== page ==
granular

[gran-yuh-ler]
adjective
1.
of the nature of granules; grainy.
2.
composed of or bearing granules or grains.
3.
showing a granulated structure.

Origin:
1785–95; granule + -ar1

granularity, noun
granularly, adverb
multigranular, adjective
nongranular, adjective
subgranular, adjective
subgranularly, adverb
subgranularity, noun
ungranular, adjective
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Based on the Random House Dictionary, © Random House, Inc. 2014.
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Collins
World English Dictionary
granular (ˈɡrænjʊlə)
 
adj
1.  of, like, containing, or resembling a granule or granules
2.  having a grainy or granulated surface
 
'granularly
 
adv

granularity (ˌɡrænjʊˈlærɪtɪ)
 
n
1.  the state or quality of being grainy or granular
2.  the state or quality of being composed of many individual pieces or elements

Collins English Dictionary - Complete & Unabridged 10th Edition
2009 © William Collins Sons & Co. Ltd. 1979, 1986 © HarperCollins
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Etymonline
Word Origin & History

granular
1794, from L.L. granulum "granule," dim. of L. granum "grain." Replaced granulous (14c.).
Online Etymology Dictionary, © 2010 Douglas Harper
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American Heritage
Medical Dictionary

granular gran·u·lar (grān'yə-lər)
adj.

  1. Composed or appearing to be composed of granules or grains.

  2. Relating to or containing particles having a strong affinity for nuclear stains, as in certain bacteria.

The American Heritage® Stedman's Medical Dictionary
Copyright © 2002, 2001, 1995 by Houghton Mifflin Company. Published by Houghton Mifflin Company.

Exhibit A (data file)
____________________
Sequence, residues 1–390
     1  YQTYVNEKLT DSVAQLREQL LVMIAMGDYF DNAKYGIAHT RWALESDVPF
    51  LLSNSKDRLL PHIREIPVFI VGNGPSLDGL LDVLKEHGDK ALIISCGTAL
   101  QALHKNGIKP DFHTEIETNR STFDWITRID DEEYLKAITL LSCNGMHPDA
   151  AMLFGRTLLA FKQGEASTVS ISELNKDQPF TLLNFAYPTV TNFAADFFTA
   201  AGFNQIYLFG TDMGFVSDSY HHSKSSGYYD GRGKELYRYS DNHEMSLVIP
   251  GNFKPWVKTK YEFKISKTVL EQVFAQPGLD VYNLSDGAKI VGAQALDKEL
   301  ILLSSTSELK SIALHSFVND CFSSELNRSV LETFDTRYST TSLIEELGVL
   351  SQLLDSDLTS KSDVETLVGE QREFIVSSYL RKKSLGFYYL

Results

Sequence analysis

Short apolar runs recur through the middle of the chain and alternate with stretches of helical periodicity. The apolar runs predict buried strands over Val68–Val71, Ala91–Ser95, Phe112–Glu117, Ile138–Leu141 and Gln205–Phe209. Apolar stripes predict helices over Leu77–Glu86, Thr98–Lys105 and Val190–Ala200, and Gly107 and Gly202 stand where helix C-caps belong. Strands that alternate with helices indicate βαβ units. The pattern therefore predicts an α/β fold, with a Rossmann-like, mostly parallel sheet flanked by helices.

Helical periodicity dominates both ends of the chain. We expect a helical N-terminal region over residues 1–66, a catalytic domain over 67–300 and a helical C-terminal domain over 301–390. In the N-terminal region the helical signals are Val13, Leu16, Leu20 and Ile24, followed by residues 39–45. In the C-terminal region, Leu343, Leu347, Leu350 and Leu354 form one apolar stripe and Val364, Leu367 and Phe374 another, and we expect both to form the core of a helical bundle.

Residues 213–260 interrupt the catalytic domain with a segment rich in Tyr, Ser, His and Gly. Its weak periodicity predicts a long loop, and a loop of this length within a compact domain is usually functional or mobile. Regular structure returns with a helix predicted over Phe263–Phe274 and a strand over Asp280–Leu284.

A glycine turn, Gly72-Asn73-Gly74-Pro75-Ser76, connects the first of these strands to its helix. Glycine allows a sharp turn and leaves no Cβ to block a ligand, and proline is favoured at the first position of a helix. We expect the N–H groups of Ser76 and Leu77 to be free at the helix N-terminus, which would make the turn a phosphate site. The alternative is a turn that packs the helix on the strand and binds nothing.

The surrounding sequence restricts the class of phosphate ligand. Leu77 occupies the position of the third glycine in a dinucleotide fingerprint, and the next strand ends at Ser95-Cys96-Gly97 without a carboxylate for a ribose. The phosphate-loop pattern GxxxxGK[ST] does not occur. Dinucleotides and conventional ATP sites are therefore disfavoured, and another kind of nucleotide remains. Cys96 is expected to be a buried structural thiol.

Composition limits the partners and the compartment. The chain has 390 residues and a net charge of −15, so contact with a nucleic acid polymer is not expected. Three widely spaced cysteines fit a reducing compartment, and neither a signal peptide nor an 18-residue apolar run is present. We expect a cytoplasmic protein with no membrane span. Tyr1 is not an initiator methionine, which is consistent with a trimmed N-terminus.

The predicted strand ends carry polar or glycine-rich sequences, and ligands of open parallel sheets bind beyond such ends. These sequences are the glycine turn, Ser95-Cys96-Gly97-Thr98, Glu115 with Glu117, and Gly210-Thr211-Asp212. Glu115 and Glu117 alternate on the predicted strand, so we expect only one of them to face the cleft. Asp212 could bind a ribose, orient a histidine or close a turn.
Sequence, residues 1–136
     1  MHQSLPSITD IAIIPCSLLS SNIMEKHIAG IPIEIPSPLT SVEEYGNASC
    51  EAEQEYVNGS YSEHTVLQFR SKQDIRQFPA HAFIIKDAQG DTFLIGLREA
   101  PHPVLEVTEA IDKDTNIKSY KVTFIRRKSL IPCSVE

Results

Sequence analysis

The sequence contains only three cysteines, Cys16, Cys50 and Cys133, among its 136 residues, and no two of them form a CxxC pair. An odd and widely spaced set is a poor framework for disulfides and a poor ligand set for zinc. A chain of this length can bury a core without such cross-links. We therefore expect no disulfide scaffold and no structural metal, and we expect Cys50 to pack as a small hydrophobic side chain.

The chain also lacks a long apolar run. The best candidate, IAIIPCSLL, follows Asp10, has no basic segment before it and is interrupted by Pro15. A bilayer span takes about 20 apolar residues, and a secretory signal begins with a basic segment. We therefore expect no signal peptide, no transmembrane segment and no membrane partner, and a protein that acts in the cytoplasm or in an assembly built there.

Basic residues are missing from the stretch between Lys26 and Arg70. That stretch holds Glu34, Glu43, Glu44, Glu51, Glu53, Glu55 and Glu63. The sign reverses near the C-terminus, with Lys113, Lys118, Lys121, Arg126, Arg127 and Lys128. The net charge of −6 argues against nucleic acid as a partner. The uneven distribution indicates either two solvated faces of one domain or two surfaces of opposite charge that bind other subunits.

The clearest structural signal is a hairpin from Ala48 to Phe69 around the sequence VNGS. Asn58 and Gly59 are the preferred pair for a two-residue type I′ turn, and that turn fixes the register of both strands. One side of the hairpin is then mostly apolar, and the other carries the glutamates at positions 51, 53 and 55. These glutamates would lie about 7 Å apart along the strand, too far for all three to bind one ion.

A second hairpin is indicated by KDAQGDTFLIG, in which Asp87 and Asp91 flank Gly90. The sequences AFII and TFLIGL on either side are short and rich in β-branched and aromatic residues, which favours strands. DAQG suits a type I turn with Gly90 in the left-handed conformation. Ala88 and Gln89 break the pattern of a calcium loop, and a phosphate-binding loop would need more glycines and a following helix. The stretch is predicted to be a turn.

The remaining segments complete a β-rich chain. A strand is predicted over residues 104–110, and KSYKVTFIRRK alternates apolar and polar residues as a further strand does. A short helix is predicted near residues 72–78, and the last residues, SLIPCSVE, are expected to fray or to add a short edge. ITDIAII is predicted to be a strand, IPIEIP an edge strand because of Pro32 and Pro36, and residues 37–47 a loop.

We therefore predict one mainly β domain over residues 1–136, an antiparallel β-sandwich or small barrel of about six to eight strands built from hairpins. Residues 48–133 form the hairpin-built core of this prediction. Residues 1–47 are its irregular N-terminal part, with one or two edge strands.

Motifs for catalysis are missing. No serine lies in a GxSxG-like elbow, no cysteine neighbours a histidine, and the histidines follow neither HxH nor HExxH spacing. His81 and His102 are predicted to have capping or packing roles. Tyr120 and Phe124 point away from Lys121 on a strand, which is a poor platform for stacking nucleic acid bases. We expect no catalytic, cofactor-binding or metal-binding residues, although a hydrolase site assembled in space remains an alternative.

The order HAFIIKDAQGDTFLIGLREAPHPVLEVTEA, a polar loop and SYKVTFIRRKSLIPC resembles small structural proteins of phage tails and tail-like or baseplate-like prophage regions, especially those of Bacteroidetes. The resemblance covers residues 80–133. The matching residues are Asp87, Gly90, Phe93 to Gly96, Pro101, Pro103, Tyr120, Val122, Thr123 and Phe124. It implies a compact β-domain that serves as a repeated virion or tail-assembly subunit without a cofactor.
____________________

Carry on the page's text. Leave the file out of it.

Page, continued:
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FOLDOC
Computing Dictionary

granularity definition

jargon, parallel
The size of the units of code under consideration in some context. The term generally refers to the level of detail at which code is considered, e.g. "You can specify the granularity for this profiling tool".
The most common computing use is in parallelism where "fine grain parallelism" means individual tasks are relatively small in terms of code size and execution time, "coarse grain" is the opposite. You talk about the "granularity" of the parallelism.
The smaller the granularity, the greater the potential for parallelism and hence speed-up but the greater the overheads of synchronisation and communication.
(1997-05-08)

The Free On-line Dictionary of Computing, © Denis Howe 2010 http://foldoc.org
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Example sentences
The new monitoring stations should allow such granularity.
With a three point system including corporatist you get this level of
  granularity.
Abstraction and granularity is mixed with intelligence.
These ontologies cover unrelated or overlapping domains, at different levels of
  detail and granularity.
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